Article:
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Around the World, March 2011

Africa clinic is off the grid — and off the map

The church-supported Fisherfolks Dispensary serves predominantly Muslim villages in this northern Tanzania. Since opening in September 2010, the clinic has treated 2,715 patients, said Tom Carr, executive director of Searcy, Ark.-based International Health Care Foundation, which oversees the work.
“One unique thing about this clinic is that it was built without access to the power grid,” Carr said. The clinic uses solar panels to power its lights, fans, small medical equipment and the staff workers’ homes. “Most clinics off the grid would rely entirely on generated power from petrol or diesel units,” Carr said. The foundation seeks partners to provide volunteer medical personnel and finances.
For more information, see www.ihcf.net.
BRASILIA — More than 40 members of the Brasilia Church of Christ and 23 U.S. Christians participated in a three-day workshop. The group reviewed progress and made plans for growth, said Bryan Gibbs of Continent of Great Cities. The Texas-based ministry and four U.S. churches support the work in Brasilia, Brazil’s capital.
“The consensus … was that the congregation, the evangelists and the church leadership matured during 2010,” Gibbs said. “Numerical growth was slow yet foundations were laid for future gains.”
SWEDRU — Ministers in Ghana’s Central Region conducted gospel campaigns in several villages suffering from the effects of recent flooding, said evangelist Christopher Arthur.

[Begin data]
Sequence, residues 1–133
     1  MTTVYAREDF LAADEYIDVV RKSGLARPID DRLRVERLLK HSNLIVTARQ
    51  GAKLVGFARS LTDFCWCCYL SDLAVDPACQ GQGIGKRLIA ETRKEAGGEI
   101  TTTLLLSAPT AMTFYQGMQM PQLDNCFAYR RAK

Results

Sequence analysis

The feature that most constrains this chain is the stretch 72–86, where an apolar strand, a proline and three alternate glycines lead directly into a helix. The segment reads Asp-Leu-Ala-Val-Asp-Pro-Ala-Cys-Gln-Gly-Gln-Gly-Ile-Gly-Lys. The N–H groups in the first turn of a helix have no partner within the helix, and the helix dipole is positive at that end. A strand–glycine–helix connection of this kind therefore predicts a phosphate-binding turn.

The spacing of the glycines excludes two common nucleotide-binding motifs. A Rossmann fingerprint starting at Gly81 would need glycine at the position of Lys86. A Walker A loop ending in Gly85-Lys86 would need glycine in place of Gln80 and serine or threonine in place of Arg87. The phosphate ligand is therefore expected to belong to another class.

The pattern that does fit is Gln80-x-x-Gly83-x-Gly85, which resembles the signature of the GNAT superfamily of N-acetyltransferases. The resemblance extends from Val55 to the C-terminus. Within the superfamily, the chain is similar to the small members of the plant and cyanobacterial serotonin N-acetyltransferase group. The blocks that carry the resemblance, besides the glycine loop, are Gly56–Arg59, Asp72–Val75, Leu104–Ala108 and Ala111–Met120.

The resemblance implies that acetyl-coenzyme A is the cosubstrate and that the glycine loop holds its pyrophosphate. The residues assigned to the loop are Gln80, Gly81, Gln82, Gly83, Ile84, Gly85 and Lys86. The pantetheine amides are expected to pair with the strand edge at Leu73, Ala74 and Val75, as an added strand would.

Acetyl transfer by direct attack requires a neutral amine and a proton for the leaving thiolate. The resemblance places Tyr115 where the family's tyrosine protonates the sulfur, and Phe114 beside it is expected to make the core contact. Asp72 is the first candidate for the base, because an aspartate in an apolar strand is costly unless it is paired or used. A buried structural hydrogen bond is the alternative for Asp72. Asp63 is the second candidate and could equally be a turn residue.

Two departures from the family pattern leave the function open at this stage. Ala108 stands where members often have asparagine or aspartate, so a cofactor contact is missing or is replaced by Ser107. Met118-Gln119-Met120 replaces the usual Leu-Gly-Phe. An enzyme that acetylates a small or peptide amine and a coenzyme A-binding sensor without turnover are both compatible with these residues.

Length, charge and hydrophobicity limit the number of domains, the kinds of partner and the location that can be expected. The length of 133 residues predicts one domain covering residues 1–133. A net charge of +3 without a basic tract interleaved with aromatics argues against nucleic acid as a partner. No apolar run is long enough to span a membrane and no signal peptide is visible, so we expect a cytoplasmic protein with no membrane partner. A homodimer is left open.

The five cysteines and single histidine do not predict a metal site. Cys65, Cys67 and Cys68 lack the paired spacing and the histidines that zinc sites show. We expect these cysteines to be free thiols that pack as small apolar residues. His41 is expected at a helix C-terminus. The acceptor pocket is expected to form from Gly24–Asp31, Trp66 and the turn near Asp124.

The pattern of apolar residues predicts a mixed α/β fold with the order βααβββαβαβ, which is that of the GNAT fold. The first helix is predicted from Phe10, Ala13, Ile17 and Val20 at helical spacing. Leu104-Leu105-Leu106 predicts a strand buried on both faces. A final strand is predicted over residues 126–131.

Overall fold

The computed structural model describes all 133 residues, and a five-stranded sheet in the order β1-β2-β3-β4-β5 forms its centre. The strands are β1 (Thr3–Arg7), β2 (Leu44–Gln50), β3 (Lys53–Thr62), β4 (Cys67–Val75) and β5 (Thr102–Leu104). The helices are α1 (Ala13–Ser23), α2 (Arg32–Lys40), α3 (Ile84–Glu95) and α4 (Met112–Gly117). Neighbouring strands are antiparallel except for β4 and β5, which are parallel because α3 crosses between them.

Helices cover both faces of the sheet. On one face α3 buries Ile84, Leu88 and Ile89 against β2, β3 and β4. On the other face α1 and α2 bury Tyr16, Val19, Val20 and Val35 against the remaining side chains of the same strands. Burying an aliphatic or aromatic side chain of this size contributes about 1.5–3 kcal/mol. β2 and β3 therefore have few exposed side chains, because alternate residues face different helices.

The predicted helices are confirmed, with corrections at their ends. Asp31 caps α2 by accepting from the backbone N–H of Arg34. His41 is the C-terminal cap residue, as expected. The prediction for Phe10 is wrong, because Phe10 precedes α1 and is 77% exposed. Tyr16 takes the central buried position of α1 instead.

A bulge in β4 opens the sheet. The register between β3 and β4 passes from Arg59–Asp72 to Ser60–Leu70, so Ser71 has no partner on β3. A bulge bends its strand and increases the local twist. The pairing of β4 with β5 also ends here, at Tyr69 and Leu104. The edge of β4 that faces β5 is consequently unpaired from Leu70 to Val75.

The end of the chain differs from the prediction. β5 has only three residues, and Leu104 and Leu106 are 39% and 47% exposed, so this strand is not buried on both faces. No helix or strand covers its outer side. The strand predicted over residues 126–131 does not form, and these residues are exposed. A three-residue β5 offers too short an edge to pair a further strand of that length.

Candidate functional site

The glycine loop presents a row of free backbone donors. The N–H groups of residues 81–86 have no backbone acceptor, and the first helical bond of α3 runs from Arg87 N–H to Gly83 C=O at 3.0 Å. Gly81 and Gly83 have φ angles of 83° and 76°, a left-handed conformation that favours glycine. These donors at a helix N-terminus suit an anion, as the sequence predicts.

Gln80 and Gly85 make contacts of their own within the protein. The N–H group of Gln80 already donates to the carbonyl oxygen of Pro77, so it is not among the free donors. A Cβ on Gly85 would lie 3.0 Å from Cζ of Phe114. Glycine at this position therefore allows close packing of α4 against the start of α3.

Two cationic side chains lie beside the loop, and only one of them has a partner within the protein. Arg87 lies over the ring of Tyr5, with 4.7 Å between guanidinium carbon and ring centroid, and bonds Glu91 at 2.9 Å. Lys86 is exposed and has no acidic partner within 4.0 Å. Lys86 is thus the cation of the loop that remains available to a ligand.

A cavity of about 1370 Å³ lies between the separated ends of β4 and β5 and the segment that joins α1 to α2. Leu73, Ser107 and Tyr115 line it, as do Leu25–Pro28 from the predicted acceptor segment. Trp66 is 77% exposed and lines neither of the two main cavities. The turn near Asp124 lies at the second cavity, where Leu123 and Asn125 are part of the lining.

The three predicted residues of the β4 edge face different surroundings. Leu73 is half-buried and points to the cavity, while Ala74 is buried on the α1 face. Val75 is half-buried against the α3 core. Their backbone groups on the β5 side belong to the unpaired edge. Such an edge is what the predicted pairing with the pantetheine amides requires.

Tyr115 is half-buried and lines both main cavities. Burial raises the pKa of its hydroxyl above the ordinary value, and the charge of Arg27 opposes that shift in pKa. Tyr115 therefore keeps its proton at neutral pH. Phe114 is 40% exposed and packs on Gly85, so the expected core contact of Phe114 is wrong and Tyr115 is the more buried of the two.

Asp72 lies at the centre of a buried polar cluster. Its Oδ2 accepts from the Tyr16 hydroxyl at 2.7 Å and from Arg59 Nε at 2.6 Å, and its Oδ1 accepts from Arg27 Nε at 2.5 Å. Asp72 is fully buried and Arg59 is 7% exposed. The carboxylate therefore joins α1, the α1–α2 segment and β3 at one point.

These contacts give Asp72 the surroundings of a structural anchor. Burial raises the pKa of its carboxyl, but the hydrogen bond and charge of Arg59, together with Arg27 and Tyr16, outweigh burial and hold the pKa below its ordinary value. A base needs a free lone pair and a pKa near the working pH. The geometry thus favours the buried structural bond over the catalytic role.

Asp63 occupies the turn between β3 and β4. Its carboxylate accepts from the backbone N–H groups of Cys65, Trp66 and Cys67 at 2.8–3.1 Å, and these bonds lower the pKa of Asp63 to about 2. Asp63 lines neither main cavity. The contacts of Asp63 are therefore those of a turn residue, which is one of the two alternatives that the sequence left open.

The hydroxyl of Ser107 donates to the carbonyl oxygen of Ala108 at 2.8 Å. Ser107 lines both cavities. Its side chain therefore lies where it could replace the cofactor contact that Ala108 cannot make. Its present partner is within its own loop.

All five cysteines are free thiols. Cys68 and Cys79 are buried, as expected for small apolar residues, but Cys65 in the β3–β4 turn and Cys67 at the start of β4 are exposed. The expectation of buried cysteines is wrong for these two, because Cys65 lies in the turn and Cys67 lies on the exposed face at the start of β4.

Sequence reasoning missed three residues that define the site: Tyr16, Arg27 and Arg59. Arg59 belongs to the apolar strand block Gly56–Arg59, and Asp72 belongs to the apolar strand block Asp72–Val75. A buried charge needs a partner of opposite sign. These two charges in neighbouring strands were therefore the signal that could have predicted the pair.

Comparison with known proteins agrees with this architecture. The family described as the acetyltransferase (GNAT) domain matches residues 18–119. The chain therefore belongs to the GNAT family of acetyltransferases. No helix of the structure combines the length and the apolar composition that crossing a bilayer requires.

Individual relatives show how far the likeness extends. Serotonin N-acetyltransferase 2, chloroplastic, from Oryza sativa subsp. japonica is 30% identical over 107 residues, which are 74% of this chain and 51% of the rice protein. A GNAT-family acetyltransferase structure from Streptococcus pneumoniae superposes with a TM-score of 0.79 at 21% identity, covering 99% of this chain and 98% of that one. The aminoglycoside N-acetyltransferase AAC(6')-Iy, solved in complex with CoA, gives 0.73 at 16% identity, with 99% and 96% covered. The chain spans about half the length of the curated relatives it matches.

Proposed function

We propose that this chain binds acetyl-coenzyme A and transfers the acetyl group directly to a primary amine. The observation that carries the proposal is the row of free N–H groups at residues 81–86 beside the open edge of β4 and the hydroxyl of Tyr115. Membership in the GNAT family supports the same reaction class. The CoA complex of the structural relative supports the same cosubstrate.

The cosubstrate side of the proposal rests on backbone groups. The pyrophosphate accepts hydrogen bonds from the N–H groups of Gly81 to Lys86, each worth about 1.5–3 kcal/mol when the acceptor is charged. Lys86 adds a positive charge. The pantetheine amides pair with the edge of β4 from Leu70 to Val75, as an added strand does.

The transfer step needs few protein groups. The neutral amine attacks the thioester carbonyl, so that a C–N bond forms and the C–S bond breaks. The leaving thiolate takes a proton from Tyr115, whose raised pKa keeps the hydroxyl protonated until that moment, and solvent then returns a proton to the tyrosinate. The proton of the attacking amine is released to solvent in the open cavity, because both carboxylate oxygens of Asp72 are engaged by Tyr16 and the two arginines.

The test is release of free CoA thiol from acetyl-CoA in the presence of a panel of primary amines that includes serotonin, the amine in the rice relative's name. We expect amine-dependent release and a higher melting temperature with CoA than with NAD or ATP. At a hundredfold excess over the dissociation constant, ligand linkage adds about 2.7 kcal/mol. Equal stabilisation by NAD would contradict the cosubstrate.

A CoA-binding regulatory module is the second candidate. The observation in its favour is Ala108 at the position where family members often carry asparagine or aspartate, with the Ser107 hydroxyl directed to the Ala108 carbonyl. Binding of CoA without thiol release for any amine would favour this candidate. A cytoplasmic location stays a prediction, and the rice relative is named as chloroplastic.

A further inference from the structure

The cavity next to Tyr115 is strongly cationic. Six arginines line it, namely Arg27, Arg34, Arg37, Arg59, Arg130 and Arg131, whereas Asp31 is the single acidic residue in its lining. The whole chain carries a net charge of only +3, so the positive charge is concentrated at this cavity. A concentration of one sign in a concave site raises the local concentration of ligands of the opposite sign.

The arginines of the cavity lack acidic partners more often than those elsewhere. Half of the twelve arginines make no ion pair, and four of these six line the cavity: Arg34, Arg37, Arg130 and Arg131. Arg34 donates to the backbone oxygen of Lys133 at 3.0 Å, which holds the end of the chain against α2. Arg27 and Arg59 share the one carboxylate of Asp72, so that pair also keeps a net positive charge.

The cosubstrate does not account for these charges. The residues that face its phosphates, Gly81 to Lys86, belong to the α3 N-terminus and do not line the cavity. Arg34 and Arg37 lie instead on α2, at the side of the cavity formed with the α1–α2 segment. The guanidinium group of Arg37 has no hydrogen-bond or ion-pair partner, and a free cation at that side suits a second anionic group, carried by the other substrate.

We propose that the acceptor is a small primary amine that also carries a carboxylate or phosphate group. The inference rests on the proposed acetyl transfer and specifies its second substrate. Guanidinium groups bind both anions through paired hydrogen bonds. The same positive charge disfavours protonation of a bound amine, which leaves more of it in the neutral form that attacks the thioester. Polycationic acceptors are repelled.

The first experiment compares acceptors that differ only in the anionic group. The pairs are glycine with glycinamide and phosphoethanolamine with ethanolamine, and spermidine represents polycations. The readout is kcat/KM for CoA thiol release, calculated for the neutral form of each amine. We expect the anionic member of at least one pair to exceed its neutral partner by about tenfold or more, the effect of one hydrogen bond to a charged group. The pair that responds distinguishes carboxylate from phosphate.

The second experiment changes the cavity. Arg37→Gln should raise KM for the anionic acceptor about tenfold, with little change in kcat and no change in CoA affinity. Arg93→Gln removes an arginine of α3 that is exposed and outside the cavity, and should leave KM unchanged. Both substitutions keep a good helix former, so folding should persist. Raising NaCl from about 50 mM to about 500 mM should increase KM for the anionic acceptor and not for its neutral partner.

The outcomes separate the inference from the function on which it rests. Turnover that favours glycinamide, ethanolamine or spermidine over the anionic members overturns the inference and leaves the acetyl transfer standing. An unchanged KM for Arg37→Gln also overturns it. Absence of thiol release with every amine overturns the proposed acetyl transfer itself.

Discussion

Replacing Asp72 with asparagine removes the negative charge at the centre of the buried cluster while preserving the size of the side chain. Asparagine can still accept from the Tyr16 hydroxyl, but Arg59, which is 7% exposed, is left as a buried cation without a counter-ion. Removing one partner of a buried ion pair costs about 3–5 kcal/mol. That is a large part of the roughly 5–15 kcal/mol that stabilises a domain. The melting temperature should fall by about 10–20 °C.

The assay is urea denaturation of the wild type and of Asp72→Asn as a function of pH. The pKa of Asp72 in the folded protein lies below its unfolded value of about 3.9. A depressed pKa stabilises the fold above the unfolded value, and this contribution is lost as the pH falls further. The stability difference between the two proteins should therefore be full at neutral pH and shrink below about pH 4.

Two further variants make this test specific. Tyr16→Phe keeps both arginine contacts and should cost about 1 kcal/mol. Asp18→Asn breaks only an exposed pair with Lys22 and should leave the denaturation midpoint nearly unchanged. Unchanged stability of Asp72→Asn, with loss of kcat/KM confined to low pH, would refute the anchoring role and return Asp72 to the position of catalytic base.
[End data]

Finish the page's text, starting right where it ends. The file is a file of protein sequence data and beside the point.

“Some (people) are still sleeping in open spaces and town halls,” Arthur said. “They lost farms and household items, including clothes.”
Despite the conditions, many of the Ghanaians decided to become Christians, Arthur said. Church members will invite them to a special fellowship in Swedru to distribute aid, he added.
ONGOLE — Church members Rama and Udaya Chintapalli were surprised when the ministry they oversee — Welfare of Innocent Neglected Guarding Society, or WINGS — received the “Best Service Organization” award from the local film industry in their state, Andhra Pradesh. The award ceremony aired on a local TV station. Several government officials attended.
Rama Chintapalli “addressed the live crowd of about 4,000 and the television audience, telling them of the love of Jesus Christ, which motivates all the service they do for others,” said Denise Dickinson, a member of the Grace Chapel Church of Christ in Cumming, Ga., who supports the work.
The WINGS ministry includes a children’s home, relief work and a ministry training school. For more information, see www.hiswitnesses.com.
MANAGUA — In the past year, workers with Mision Para Cristo shipped 7,050 “Smiles” in the Central American nation, said director Benny Baker. The “Smiles” — gift boxes of toys, clothes and personal care items — were distributed to more than 90 congregations and 24 schools, Baker said.
The Highway Church of Christ in Judsonia, Ark., and the Westgate Church of Christ in Dothan, Ala., served as shipping points for the gifts.
TERA — African ministers are making inroads in this predominantly Muslim nation of West Africa, north of Nigeria, home to 15.8 million souls.
Harouna Kanguey trained for three years and graduated at the top of his class from the French African Christian Education ministry training school in Benin.
After graduation, Kanguey moved to Tera, Niger, and works with a small group of believers.
“We are doing the work of the Lord by the grace of God,” Kanguey said.

Filed under: International

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